“Karl Rove and his wife, Darby, were granted a divorce last week," said Perino. "The couple came to the decision mutually and amicably, and they maintain a close relationship and a strong friendship. There will be no further comment, and the family requests that its privacy be respected.”

The Roves were married in January 1986.

A family friend told POLITICO: “After 24 years of marriage, many of which were spent under incredible stress and strain during the White House years, the Roves came to a mutual decision that they would end the marriage. They did spend Christmas together with their son, and they plan to spend time together in the future. They maintain a strong friendship, and they both feel that that friendship is a source of comfort and inspiration for their friends and family.”

Rove’s 608-page memoir, “Courage and Consequence: My Life as a Conservative in the Fight,” is due out from Simon & Schuster’s Threshold Editions on March 9.

Ed Gillespie, former counselor to President George W. Bush, whose wife Cathy has been friends with the Roves for 20 years, said: “It’s always sad to see a marriage end. These are two very good people, who came to a not-easy decision. But they care a lot about each other, and they love their son. And they’ll work through it.”

Yesterday Glenn Greenwald, bless his soul, tied himself in knots deducing lessons in logic from the illogic of this man who has devoted so much of his life and energy to imposing, well, somebody's views on the sanctity of marriage on a captive public and enforcing, well, somebody's views on the godlessness of same-sex marriage on that same punch-drunk public.
Karl Rove is an outspoken opponent of same-sex marriage, citing "5,000 years of understanding the institution of marriage" as his justification. He also famously engineered multiple referenda to incorporate a ban on same-sex marriage into various states' constitutions in 2004 in order to ensure that so-called ""Christian conservatives" and "value voters" who believe in "traditional marriage laws" would turn out and help re-elect George W. Bush. Yet, like so many of his like-minded pious comrades, Rove seems far better at preaching the virtues of "traditional marriage" to others and exploiting them for political gain than he does adhering to those principles in his own life. [And so on and on.]

Glenn is absolutely right, of course, and it's good that somebody is getting all this lying hypocrisy on the record, but jeez, is there's anyone who didn't know that 99 percent of what has ever come out of Karl Rove's mouth is lying hypocrisy? (This was, as Glenn noted in an update, our Karl's second divorce.)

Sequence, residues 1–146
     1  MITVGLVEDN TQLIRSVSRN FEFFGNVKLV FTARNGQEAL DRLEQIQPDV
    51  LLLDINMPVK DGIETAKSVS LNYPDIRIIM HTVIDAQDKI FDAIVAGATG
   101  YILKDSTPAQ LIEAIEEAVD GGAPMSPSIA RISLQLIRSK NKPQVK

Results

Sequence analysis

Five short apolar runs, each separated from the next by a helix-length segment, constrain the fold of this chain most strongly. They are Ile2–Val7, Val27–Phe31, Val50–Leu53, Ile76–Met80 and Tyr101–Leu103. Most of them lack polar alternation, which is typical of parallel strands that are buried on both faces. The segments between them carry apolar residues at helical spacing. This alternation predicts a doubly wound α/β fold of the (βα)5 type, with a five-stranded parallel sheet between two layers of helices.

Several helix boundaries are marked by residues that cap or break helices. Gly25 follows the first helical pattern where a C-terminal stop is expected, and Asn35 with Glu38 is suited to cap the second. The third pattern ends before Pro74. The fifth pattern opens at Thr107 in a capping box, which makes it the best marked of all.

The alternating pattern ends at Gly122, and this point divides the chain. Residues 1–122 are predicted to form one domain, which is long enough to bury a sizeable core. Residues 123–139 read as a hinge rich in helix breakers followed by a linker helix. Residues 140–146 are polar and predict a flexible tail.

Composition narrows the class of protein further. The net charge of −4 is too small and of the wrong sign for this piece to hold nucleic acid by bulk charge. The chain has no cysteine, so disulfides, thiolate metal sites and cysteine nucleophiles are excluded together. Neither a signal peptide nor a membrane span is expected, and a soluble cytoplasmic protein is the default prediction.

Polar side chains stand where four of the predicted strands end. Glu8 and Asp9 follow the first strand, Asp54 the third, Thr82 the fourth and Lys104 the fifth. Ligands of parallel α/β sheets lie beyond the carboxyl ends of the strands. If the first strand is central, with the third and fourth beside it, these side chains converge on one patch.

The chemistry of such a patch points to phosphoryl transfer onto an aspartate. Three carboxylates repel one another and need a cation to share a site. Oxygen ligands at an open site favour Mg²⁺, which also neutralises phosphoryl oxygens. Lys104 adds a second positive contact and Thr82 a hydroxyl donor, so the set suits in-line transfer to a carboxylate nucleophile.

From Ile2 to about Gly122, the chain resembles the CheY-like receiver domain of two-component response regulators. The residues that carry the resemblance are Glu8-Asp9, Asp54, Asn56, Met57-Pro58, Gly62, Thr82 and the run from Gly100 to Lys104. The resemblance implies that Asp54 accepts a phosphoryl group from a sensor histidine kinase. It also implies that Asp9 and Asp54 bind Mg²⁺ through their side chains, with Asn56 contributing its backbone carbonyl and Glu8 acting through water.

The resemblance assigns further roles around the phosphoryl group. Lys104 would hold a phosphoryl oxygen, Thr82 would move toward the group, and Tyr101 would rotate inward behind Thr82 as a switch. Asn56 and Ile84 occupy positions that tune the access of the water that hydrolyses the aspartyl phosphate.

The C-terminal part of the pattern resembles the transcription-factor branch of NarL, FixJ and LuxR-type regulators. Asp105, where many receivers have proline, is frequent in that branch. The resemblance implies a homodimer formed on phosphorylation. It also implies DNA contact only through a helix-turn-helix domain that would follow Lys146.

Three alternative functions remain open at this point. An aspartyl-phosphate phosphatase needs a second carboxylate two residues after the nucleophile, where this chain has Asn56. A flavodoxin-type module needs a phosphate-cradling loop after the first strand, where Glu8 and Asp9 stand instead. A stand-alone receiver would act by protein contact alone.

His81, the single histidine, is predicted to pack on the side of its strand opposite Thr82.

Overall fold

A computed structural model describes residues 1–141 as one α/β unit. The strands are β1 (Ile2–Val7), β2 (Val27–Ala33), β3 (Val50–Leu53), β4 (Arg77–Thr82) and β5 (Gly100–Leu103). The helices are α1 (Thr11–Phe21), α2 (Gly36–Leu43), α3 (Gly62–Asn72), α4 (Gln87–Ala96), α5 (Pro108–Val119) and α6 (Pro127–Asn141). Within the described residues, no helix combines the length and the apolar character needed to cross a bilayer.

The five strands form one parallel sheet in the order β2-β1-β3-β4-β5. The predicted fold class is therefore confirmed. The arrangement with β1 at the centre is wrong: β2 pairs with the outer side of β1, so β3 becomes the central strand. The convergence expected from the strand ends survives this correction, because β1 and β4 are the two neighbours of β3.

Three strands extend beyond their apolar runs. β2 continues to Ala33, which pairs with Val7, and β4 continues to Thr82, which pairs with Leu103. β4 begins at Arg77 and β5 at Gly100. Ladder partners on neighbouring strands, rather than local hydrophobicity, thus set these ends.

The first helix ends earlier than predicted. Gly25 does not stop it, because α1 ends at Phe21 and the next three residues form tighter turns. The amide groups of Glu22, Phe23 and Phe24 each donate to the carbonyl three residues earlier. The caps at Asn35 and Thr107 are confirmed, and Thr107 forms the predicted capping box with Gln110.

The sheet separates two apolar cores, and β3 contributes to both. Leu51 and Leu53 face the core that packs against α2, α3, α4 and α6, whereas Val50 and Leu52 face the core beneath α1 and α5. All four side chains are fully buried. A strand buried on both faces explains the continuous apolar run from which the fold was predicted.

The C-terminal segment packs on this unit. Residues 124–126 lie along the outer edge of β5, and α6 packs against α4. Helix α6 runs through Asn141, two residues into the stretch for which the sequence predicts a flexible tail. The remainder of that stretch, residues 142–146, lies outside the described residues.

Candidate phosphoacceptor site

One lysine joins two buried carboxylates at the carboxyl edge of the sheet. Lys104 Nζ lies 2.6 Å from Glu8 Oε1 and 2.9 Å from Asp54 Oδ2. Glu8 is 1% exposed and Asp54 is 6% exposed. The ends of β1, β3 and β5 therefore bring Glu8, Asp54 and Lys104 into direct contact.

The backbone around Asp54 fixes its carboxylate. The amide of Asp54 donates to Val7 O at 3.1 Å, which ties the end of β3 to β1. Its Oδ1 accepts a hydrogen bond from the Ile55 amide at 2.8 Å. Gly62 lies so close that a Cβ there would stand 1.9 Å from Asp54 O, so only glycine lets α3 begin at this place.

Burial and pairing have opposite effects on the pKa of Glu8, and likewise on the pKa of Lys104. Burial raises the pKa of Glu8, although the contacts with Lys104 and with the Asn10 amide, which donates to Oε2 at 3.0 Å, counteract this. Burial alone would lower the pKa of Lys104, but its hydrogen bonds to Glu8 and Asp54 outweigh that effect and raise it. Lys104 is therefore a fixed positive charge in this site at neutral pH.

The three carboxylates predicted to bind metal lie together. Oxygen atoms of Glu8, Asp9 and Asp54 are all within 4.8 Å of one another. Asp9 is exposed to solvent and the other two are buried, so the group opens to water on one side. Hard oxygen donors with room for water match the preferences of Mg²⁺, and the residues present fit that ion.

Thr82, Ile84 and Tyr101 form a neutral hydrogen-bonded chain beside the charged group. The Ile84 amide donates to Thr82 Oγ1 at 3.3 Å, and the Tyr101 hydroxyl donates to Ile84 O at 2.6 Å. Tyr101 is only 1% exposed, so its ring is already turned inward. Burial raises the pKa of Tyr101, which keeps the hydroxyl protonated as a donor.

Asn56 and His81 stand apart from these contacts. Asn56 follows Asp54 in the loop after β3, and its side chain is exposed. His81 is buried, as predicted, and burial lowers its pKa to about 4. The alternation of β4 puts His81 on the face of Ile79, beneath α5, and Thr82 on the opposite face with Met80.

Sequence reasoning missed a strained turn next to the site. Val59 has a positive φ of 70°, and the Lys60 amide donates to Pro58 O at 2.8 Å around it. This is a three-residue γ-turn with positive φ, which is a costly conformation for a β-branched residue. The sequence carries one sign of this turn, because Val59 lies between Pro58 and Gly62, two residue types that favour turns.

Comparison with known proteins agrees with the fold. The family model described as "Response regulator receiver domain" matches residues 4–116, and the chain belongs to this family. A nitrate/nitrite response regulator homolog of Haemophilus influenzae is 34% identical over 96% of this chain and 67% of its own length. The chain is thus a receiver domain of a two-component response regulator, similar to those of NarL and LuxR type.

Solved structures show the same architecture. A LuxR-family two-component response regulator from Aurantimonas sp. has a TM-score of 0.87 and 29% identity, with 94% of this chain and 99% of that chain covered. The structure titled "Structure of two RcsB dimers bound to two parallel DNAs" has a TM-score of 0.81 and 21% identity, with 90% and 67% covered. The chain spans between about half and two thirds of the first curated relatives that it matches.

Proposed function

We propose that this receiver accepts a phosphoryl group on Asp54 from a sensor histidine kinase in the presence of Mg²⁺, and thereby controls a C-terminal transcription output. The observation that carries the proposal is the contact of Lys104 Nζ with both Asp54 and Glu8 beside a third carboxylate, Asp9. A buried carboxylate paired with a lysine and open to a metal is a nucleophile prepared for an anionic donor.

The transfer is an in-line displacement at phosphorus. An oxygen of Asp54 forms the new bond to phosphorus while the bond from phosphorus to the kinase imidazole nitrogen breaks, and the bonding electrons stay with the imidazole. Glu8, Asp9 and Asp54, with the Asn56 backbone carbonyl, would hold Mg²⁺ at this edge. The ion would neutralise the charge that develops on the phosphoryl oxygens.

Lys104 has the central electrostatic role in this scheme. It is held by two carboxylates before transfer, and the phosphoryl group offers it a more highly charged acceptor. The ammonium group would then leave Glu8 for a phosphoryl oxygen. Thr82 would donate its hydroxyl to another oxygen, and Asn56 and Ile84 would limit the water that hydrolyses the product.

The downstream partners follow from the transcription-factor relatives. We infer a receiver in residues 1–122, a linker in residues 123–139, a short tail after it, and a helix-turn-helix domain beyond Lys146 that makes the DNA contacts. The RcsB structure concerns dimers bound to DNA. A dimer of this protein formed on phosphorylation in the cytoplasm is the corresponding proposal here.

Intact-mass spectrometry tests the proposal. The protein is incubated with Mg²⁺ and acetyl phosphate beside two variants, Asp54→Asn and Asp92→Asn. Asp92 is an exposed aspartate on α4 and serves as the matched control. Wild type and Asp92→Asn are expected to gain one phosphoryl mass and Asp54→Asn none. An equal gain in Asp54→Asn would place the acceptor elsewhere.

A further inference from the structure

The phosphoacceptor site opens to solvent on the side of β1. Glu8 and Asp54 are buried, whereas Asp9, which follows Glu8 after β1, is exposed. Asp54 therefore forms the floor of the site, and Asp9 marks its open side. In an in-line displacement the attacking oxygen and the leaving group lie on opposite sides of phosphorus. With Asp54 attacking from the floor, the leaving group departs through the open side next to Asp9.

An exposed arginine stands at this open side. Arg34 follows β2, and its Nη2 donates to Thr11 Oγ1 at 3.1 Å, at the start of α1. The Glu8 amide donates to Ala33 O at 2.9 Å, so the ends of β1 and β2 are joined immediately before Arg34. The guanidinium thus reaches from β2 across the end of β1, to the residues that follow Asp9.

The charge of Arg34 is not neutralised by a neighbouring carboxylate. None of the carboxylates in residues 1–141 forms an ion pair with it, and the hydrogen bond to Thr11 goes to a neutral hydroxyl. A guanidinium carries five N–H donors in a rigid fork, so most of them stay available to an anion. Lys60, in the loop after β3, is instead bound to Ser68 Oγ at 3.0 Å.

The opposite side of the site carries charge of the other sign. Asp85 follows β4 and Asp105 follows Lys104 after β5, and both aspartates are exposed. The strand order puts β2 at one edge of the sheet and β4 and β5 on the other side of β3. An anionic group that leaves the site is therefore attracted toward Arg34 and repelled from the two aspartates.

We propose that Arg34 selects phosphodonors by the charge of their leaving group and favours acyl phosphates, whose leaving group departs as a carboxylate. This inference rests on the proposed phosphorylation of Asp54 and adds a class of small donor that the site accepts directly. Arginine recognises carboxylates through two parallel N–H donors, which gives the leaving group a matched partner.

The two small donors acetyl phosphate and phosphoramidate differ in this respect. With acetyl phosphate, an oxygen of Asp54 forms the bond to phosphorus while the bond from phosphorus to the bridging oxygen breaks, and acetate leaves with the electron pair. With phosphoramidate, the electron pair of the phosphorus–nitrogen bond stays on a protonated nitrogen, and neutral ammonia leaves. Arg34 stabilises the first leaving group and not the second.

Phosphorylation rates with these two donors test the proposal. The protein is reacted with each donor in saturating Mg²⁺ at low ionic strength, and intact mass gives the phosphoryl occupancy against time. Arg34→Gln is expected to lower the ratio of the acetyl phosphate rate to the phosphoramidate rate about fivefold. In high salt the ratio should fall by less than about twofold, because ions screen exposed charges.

(a) Somewhere along the line, the magic those kids once had just somehow faded. It happens.

(b) Like any relationship, the Roves' had its ups and downs, but they stayed together for the sake of the child, until Darby started fooling around with the poolboy.

(c) Like any relationship, the Roves' had its ups and downs, but they stayed together for the sake of the child, until Karl started fooling around with the poolboy.

(d) Karl reached a point in his life where he realized his right-wing buddies and clients weren't likely to whisper among themselves about his being "a bachelor," and if they did, well, screw 'em.


That's a joke, right?

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Is CA-19's George Radanovich's political demise an opening for the return of "Dirty Dick" Pombo?


“I don’t miss the politics,” Pombo said. “I miss the policy side of it. Obviously California needs some help.”
-- former Rep. "Dirty Dick" Pombo, quoted by the Fresno Bee

by Ken

CA-19 Republican Rep. George Radanovich announced yesterday, a step ahead of a torch-bearing Teabagger lynch mob, that he's retiring (as reported by the L.A. Times):
Central Valley Rep. George Radanovich announced Tuesday that he is stepping down from his strongly Republican district seat next year and has asked state Sen. Jeff Denham, a fellow conservative Republican, to run to replace him.

Radanovich, a 15-year veteran of Congress from Mariposa, said in statement that he wants to spend more time with his wife, Ethie, who is battling ovarian cancer; and his son.

"My family needs me, and I intend to be by their side to win this battle," Radanovich said. "It is for this reason that I have decided to not seek reelection to Congress in 2010."

As Howie points out, though, "Radanovich is hated by the Teabaggers because he voted for Bush's Wall Street bailout," even though "his lifetime ProgressivePunch score on substantive matters is 1.81, making him the 355th most progressive member of Congress. The only CA congressmen with more extreme-right voting records are freshmen nutcases Tom McClintock and Duncan Hunter Jr, plus Buck McKeon, Darrell Issa, Gary Miller, Ken Calvert, Kevin McCarthy and Devin Nunes, all just fractionally."

No sooner had Radanovich slipped back into his political crypt than word surfaced of a possible return from the political dead of an old DWT thug-favorite, "Dirty Dick" Pombo.

Pombo may seek Radanovich seat

Posted at 07:01 PM on Tuesday, Dec. 29, 2009
By John Ellis / The Fresno Bee

After Richard Pombo narrowly lost a 2006 re-election bid in the 11th Congressional District to Democrat Jerry McNerney, he went back to work on his Tracy cattle ranch.